In a shock move on 3 August, Ecuadorian President Lenín Moreno removed Vice-President Jorge Glas from office after the latter suggested that the government had been manipulating economic figures. In a two-page presidential decree, Moreno absolved his deputy of his responsibilities, accusing him of “not having understood” the “loyalty and commitment… implied in serving the homeland in a unified way”. The decree came a day after Glas, who has been the subject of a number of corruption allegations, issued a statement denying his involvement in illicit activities and attacking Moreno’s administration for “perversely manipulating the economic figures”.

Glas spat further complicates Moreno’s difficult agenda

Since his narrow victory in April’s presidential election, Moreno has faced both economic and political challenges. While Ecuador’s oil-reliant economy has been transformed over the past 10 years – a period often referred to by former president Rafael Correa as the “victorious decade” (década ganada) – it has flagged since oil prices began to fall in 2014. Furthermore, with a high public sector deficit, estimated to be around 5-6% of GDP, and few monetary policy tools at his disposal given the country’s use of the US dollar, Moreno has been forced to take painful measures to address the “critical” state of the economy. Moreno’s clash with vice-president Glas, also from the ruling Alianza País party, is likely to distract government attention from the much-needed economic stabilisation effort.

Such context is vital for understanding the current turmoil affecting the government. Despite serving as Correa’s vice-president between 2007 and 2013, Moreno has attempted to distance himself from the causes of the present economic difficulties, instead criticising the state of the economy he inherited from Correa. Responding to Moreno’s criticisms of Correa’s economic management, Glas, who also served as vice-president during Correa’s final term (2013-17), accused the current administration of manipulating economic data to attribute the present difficulties to the previous government. For Moreno, such defiance from his vice-president was deemed unacceptable and Glas was promptly suspended. Nevertheless, in seeking to disassociate himself from the causes of the current economic difficulties and his beleaguered vice-president, Moreno has taken a considerable political gamble early in his presidency.

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Dwindling oil prices have had a significant effect on the government’s budget. Photo Credit: Wikipedia Commons

Moreno distances himself from Correa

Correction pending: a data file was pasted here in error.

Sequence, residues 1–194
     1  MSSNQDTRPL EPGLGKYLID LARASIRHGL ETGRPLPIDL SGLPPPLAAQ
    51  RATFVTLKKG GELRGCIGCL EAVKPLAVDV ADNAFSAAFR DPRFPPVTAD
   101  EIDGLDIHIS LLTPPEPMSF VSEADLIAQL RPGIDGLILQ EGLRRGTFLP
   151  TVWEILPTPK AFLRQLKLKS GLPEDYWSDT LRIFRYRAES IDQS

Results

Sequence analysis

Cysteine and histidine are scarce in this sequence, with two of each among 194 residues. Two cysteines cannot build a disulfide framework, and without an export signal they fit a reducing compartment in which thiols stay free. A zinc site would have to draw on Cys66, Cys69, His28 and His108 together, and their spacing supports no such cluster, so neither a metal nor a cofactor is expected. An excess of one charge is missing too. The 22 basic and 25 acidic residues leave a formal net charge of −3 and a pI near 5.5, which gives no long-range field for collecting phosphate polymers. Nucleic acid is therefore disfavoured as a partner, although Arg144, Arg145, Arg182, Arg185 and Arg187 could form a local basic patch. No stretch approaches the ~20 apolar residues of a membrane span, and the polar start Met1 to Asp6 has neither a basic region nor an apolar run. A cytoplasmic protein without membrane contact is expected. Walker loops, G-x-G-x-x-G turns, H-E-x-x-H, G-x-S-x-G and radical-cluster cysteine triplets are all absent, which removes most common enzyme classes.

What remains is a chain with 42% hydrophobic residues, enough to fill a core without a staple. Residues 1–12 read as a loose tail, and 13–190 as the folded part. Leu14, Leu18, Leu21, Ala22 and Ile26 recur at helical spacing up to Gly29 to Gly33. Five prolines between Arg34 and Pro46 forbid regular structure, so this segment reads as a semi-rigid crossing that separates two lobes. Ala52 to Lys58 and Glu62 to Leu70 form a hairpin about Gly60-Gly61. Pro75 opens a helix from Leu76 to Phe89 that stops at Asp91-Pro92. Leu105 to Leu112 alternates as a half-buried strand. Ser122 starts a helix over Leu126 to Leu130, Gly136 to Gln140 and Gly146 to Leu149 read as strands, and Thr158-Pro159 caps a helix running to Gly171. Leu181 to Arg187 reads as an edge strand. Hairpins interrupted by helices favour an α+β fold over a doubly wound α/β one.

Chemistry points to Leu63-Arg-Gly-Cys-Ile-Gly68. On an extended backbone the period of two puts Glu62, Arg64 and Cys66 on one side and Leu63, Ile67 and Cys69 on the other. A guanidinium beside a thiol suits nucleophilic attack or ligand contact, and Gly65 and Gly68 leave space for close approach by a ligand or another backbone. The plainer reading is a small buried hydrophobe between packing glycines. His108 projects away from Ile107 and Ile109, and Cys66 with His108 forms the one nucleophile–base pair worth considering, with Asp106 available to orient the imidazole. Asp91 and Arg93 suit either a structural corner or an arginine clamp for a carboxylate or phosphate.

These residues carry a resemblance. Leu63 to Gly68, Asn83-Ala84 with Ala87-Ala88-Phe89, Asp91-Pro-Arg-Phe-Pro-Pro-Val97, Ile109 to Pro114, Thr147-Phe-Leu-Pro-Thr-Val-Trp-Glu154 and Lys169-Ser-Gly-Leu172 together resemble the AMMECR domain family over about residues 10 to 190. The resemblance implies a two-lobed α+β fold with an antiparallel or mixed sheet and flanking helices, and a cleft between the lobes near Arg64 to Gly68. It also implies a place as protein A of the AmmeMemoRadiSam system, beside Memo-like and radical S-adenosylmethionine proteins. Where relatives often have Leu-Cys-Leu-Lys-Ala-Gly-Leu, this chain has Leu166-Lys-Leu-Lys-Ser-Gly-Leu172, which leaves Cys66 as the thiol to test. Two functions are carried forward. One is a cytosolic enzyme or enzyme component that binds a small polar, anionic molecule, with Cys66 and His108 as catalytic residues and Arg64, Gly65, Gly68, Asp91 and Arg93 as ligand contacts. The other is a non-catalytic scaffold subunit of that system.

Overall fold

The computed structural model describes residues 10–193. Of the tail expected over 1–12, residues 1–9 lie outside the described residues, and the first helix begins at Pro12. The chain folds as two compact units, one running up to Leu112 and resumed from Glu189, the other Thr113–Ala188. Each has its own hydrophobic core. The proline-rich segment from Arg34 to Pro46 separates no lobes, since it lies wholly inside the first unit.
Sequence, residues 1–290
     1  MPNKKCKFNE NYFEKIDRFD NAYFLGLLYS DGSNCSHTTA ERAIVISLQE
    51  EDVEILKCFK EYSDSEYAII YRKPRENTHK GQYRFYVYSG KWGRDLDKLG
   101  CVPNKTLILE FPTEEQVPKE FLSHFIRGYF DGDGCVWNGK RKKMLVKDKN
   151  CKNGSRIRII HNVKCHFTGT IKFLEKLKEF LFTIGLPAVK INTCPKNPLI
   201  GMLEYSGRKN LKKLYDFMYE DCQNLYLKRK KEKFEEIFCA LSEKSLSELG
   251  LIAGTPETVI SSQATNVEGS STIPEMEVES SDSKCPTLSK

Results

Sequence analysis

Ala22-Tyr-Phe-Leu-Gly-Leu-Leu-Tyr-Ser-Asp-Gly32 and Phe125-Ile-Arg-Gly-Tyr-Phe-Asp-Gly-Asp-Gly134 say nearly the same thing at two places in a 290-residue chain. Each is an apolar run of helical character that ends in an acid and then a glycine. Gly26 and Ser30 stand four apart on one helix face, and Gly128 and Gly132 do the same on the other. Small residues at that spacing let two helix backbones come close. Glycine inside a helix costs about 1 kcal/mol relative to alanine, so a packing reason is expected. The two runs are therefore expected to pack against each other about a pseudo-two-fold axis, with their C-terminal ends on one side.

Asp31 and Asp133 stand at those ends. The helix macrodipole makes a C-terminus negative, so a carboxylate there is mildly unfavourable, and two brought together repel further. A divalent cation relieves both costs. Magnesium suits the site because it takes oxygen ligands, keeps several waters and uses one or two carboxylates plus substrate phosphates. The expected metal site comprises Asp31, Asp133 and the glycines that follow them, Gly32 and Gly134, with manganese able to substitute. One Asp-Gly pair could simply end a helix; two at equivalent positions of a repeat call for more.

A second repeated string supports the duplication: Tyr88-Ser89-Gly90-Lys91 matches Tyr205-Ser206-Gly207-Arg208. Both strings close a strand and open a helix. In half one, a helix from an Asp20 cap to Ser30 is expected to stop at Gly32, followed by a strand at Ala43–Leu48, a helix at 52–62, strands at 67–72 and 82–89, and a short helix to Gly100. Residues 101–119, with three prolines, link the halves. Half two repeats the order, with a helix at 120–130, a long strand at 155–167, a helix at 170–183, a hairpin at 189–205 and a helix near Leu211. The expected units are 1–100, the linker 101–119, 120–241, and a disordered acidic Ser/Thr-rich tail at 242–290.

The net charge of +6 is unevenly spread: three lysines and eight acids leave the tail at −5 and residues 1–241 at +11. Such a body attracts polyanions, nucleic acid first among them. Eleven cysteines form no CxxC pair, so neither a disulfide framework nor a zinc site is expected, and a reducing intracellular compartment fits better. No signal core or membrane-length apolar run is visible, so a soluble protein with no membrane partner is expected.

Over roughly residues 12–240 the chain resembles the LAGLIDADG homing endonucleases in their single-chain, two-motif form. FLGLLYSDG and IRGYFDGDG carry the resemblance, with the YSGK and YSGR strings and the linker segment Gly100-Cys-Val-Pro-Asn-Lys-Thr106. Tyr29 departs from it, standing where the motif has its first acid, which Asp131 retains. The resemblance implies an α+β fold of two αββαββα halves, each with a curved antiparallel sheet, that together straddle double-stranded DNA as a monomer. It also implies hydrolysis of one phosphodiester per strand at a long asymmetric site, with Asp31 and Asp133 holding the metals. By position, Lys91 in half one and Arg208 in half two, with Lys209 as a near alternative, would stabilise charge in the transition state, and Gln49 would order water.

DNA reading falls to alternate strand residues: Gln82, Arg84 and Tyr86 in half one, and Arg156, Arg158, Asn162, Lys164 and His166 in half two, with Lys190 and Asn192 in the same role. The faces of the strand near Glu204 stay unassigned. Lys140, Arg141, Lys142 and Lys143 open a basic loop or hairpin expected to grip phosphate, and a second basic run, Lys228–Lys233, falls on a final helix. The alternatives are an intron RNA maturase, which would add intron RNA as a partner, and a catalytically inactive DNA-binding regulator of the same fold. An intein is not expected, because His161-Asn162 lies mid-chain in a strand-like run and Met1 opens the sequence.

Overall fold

Despite receiving strong support from former president Correa during the election campaign, Moreno has increasingly sought to distance himself from his predecessor since assuming the presidency in May. By labelling himself “the people’s president”, restoring cordial relations with the media, and doing away with Correa’s weekly television show, Citizen Connection (Enlace Ciudadano), Moreno has broken with Correa’s confrontational modus operandi. Furthermore, Moreno has changed course in two key policy areas: anti-corruption strategy and economic policy. In response, Correa, who continues to be a significant figure in the national discourse despite relocating to his wife’s native Belgium, has begun to voice plentiful criticism of his successor.

In characteristic fashion, Correa has taken to Twitter to robustly defend his government’s record and criticise Moreno’s new approach. Having departed Ecuador on 10 July, Correa has launched a forty-four tweet defence of his administration’s economic policy, issued support for the suspended Glas, and told young people to “never trust” somebody like Moreno. While Correa, who was unable to run for re-election due to constitutional a term limit, poses little threat to Moreno’s fortunes in the short term, his growing opposition to the current president may have important implications for governability. Although a controversial figure, not least for his hostility towards the press – leading Freedom House to declare the country as “not free” – Correa remains a popular figure in Ecuador. Leaving office with a 62% approval rating, he continues to hold sway over important segments of the ruling Alianza País party and has not ruled out running for the presidency in 2021.

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Lenin Moreno began his presidential term in May this year. Photo credit: Wikipedia Commons

Economic recovery key to Moreno’s fortunes

Despite the instability arising from Glas’ suspension, Moreno’s key priority will remain economic stabilisation. While Ecuador’s economy expanded 2.6% in the first quarter of 2017, growth “seems to be levelling off” in Q2; a likely result of attempts to deal with the deficit. Such signs of a slowdown have also been seen in extremely low inflation figures, with July’s price falls of 0.14% further indicating a decline in economic activity.

Fortunately for Moreno, Ecuador’s economic panorama is likely to benefit from the difficulties facing US president Donald Trump. The paralysis of the current White House and the Federal Reserve’s reluctance to hike interest rates have contributed to a significant weakening in the value of the dollar, boosting the competitiveness of Ecuador’s exports. As many determinants of Ecuador’s economic performance are external (oil price, global conditions, dollar value), the fate of the economy is often difficult to predict. If, however, external conditions continue to turn in Moreno’s favour, political disputes – such as the row with Glas – will be overshadowed by economic recovery.


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